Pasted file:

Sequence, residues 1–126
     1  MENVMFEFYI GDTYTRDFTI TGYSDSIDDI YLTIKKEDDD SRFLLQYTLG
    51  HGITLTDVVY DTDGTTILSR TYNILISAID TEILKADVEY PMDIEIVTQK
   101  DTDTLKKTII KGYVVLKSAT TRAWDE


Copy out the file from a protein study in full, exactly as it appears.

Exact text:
Sequence, residues 1–126
     1  MENVMFEFYI GDTYTRDFTI TGYSDSIDDI YLTIKKEDDD SRFLLQYTLG
    51  HGITLTDVVY DTDGTTILSR TYNILISAID TEILKADVEY PMDIEIVTQK
   101  DTDTLKKTII KGYVVLKSAT TRAWDE